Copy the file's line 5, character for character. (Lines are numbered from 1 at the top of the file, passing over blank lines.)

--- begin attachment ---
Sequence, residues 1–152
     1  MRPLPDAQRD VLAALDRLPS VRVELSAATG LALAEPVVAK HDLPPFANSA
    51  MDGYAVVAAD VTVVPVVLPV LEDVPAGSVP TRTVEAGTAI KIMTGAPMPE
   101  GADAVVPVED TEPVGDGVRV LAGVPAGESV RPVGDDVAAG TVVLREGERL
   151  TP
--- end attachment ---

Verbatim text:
   151  TP